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Office Drawer Turned Daring New Art Showcase

By Carolee Klimchock

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You’d be better off dead than to miss the tour de force that is Drawer@676’s “I Hate My Job” exhibit.

This stunning array of shapes and forms teases the viewer. It says Come close, but not too close. It says Will you have the fish or will you have the chicken? It says Daddy wants a little sugar.

Housed in what can only be described as an office drawer, Drawer@676 bolts onto the gallery scene in its boxiness, its matte-blackness, and its whimsical ability to roll out and roll back in, like a flight of fancy. It is the utter definition of rectangle. It offers a breath of freshly stale office air into the mixed-up mélange of gallery haute and artworld pretension. Drawer@676 brings a splash of certitude to woefully uncertain times.

The little-known artists represented in the show are sure to be in high demand, at least several weeks before hell freezes over.

Krieger’s shock-jock meat market simulacra dynamically bursts from the ground, seemingly reaching for the sky like a Coney Island wino with the sun in his eyes. Two isolated eyeballs encased in plastic linger among the meat, as perhaps a wry commentary on disconnection, disaffection and the dystopia of the work world. The artist, flush with cash after a decade as a highly paid knife-thrower’s assistant, took the job at 676 “for shits and giggles,” a move she now calls “a big mistake” while others, for reasons unknown, call it “the big Lebowski.” Nice work if you can get it, Krieger.

Barolo’s timely and provocative shredded-up grant rejection letters hang like a hunka burnin’ love in the front corner of the drawer. On loan from the permanent collection of the New Brunswick Museum of Women’s Art and Craft, Barolo’s work maintains its striking, somber poise with the aid of a size large binder clip, on sale now through April at Viking Office Supply. Barolo stumbled upon his coveted position at 676 by literally stepping in a pile of shit. “I was wiping dog you-know-what off my shoe when Margaret Labbert walked by and offered me a job,” Barolo said, sotto voce.

The performative crown of thorns by former death row inmate Levinsky is sine qua non. Its cylindricality speaks to the quid pro quo circularity of humdrum office chatter.  “I was gonna wear the thing to the opening,” Levinsky volunteered, “But then I was like, ‘Fuck it.’”  As the Latins would say: Res ipsa loquitur. Multiple, repetitive, bold red stamps of “Not Authentic” underscore the socio-cultural tensions between authentic/not authentic, real/unreal, inside/outside, this/that/the other, such-and-such/so-and-so, whatup/not much.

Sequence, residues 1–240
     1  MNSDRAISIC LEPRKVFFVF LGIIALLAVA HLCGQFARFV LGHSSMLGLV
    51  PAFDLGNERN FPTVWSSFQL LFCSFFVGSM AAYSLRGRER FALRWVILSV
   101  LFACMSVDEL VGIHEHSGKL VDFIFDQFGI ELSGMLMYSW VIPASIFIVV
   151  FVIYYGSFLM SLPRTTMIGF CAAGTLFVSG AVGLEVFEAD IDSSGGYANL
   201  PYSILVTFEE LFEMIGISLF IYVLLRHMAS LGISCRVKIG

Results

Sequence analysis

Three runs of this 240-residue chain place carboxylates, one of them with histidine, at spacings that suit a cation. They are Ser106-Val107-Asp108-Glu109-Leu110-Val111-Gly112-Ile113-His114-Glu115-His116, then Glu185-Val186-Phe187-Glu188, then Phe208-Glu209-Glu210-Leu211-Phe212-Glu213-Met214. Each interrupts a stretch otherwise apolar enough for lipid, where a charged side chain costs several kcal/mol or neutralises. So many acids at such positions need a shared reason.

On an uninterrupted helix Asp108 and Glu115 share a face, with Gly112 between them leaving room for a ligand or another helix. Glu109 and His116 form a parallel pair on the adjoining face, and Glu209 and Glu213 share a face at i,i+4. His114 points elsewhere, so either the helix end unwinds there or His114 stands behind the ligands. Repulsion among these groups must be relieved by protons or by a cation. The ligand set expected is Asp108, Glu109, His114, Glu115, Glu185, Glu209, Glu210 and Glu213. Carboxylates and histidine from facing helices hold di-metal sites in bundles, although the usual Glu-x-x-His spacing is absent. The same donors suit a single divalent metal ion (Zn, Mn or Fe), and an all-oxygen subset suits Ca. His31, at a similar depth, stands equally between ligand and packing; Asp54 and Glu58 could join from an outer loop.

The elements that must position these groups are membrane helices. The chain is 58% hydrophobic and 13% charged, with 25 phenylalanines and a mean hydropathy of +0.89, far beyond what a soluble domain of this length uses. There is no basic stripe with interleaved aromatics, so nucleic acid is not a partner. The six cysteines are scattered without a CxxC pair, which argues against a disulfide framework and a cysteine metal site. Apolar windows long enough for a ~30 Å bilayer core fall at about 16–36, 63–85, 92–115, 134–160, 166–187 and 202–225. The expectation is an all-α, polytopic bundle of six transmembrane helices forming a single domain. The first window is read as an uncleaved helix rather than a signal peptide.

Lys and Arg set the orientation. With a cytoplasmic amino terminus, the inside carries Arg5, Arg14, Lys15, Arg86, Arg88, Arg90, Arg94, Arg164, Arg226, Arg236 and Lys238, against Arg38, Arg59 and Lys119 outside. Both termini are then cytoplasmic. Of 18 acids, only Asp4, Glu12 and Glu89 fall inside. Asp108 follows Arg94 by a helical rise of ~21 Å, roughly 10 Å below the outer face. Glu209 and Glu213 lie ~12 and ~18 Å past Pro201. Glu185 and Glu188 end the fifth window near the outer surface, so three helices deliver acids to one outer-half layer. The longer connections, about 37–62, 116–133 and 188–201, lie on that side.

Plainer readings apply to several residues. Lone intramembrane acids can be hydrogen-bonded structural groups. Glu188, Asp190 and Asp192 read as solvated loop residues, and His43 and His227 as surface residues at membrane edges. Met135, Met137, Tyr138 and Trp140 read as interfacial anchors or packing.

Ream’s cleverly juxtaposed images sit on sparse terrain, a punch in the gut for the soul, if you will. The works in her triptych are simultaneously light and pungent, like the watered down bitterness of Hahn’s cornerstore coffee. The central work, an obfuscation of the phrase “work ethic” slaps the viewer in the mug with “WO’ ‘THIC”, a phrase sure to be the rage among South Bronx youth by June. Don’t be surprised if standing before this
striking and sultry trio sends shivers up your spine or causes a treatable but potentially deadly skin condition called Steven-Johnson Syndrome. The central images of the two flanked pieces are much like the artist herself: woolly and mammalian.

Quizzical, sundry, naked, this bouquet of work speaks to the scared little girl in all of us.

The philosophical landscape of “I Hate My Job” hits at myriad potent queries such as-- what is “hate”, what is “job”?  In this postmodern centrifuge, who can really say?  Seriously, who?  Who?!

Sordid tales, checkered pasts and dreadful employment opportunities make “IHMJ” a hoot and a holler for the entire dysfunctional family. And that includes you, Grandma Phyllis and “Uncle” Biffy. Interfacing with these works will surely either make you “wanna throw your hands in the air like you just don’t care” or do “The Butt.”

In the words of Jacques Derrida: “The intelligible face of the sign remains turned toward the word and the face of God,” and if there is one show this season that brings us closest to the face of that rat bastard some of you know as God the Almighty Maker of Heaven and Earth, it is, without a doubt, “I Hate My Job”.

On view now through April 31, by appointment only.

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Carolee spent 18 years in Texas trying to assess the nutritional value of hogwash, four years at Smith College weighing the merits of a .8 inch margin vs. a 1 inch margin, and six of the last seven years in a self-inflicted prison of the mind. She currently resides at the top of her game. Buttloads of spam can be sent to: klimchock@hotmail.com.  (Please put “delete this immediately” in the subject heading.)  Stalkers can find her at:
http://epistemological.blogspot.com. 

 


(c) Defenestration Magazine, 2004